Allan is a Fellow of the College of Labor and Employment Lawyers and has been recognized as a leading practitioner by Chambers since 2011.

Photo of Evandro Gigante Evandro Gigante

Evandro Gigante is a partner in the Labor & Employment Law Department and co-head of the Employment Litigation & Arbitration group and the Hiring & Terminations group. He represents and counsels clients through a variety of labor and employment matters, including allegations of…

Evandro Gigante is a partner in the Labor & Employment Law Department and co-head of the Employment Litigation & Arbitration group and the Hiring & Terminations group. He represents and counsels clients through a variety of labor and employment matters, including allegations of race, gender, national origin, disability and religious discrimination, sexual harassment, wrongful discharge, defamation and breach of contract. Evandro also counsels employers through reductions-in-force and advises clients on restrictive covenant issues, such as confidentiality, non-compete and non-solicit agreements.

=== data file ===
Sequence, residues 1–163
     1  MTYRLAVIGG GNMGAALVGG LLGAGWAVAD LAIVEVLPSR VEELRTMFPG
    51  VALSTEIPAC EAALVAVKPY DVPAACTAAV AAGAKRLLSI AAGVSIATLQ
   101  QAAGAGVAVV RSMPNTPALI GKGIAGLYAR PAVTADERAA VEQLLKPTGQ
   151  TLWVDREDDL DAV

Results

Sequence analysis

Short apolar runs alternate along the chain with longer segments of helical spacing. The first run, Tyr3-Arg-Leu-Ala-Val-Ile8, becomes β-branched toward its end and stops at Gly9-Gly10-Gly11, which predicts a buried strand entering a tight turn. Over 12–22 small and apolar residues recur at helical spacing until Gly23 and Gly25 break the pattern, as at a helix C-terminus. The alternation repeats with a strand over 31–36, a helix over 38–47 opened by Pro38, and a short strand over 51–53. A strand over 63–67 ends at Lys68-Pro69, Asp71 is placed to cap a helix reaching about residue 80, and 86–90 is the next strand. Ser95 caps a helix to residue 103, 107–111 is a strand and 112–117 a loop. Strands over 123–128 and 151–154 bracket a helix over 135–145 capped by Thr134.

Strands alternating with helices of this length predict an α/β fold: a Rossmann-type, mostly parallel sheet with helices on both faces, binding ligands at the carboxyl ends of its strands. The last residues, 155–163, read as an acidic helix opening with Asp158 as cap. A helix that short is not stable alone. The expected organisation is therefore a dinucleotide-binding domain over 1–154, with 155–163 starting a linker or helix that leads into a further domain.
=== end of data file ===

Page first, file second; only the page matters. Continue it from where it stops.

With a focus on discrimination and harassment matters, Evandro has extensive experience representing clients before federal and state courts. He has tried cases in court and before arbitrators and routinely represents clients before administrative agencies such as the Equal Employment Opportunity Commission, as well as state and local human rights commissions.

Photo of Laura Fant Laura Fant

Laura Fant is a special employment law counsel in the Labor & Employment Law Department and co-administrative leader of the Counseling, Training & Pay Equity Practice Group. Her practice is dedicated to providing clients with practical solutions to common (and uncommon) employment concerns…